by Nocky: This coming of age novel has been really inspiring . It proves that no matter the circumstances, there's always a way to come out at the top . It's the total opposite of cliche, which was a huge relief and topics that are usually considered taboo aren't romanticized in any way. The reader gets to experience the reality of everyday life of many children growing up in similar circumstances. The story just goes to show that somewhere there will be someone looking out for you, even if it was not who you were expecting.
by Lloyd N: American Dirt is a book that embraces you in a tango of drama, love and strong emotions during a time of turbulence and unrest. It's hard to put the book down once you start reading. It is strongly and confidently written and will appeal to many readers, lovers of fiction and history. I would strongly suggest having a Spanish dictionary nearby to translate words that you are unfamiliar with. You won't want to miss a word! I highly recommend this book, and would even consider giving it as a gift.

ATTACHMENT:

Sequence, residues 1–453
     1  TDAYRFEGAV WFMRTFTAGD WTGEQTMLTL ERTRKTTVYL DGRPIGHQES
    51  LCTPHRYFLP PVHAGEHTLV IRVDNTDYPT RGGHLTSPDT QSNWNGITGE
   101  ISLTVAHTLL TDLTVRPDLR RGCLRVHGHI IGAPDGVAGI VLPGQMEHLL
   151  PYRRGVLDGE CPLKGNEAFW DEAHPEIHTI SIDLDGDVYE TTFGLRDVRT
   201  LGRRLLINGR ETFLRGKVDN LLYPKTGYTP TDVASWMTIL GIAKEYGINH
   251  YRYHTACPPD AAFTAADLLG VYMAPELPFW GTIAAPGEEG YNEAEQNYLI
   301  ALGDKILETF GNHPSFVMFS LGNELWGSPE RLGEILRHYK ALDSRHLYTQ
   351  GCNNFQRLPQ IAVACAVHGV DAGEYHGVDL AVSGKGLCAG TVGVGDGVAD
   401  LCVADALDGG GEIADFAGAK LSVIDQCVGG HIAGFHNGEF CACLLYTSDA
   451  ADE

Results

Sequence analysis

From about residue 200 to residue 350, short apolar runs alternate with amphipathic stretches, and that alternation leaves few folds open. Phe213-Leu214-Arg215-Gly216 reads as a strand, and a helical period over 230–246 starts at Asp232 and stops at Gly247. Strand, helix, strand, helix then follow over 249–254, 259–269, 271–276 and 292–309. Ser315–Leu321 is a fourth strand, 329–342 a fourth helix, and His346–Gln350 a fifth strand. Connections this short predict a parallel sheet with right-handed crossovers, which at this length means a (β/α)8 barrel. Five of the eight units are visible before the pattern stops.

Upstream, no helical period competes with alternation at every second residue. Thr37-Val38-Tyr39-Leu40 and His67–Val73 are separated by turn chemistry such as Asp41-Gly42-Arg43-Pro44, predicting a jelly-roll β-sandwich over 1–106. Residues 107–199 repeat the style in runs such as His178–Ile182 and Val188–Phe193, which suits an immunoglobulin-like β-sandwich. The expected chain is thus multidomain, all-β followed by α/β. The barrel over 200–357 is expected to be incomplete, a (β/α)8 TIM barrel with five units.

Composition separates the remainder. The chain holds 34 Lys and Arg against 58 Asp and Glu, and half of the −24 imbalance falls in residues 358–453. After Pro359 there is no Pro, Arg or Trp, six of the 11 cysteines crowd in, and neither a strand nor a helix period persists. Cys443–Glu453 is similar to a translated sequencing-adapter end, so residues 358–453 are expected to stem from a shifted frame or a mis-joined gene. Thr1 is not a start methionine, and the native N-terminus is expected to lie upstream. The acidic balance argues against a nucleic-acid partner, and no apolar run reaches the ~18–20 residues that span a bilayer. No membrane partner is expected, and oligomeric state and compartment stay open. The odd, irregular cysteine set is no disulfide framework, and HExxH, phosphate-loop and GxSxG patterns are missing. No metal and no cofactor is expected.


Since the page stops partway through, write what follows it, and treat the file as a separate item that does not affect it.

by Liz Devlin: I came upon The End of the Ocean by happy accident. This book was a captivating read from page one. The stories of the two main characters seemingly unrelated and their separate stories were both worth a book in themselves. The very gradual hints of the two stories connection made each story important by its self. This was a powerful message in a form acceptable to the uninformed A really good novel with an important message
by Dorinne Dobson (Wickenburg, AZ): This is nonfiction: the true story of the evacuation of the Mosul Zoo. Imad, also known as Abu Laith which means Father of Lions, is a car mechanic and the self-proclaimed zookeeper of the Mosul Zoo. Abu Laith does not have formal training in taking care of lions and bears, but he is an animal lover who is especially fond of lions. The story takes place from 2014 when ISIS took control of Mosul and 2017 when the Iraqi forces retook the city of Mosul, and the description of life under ISIS occupation is particularly interesting. The fight to survive with limited food amid shelling and bombing is difficult for humans, and almost impossible for caged animals in the zoo. Amidst all the angst of living in a war zone, the story is told with humor and pathos. I enjoyed reading this book.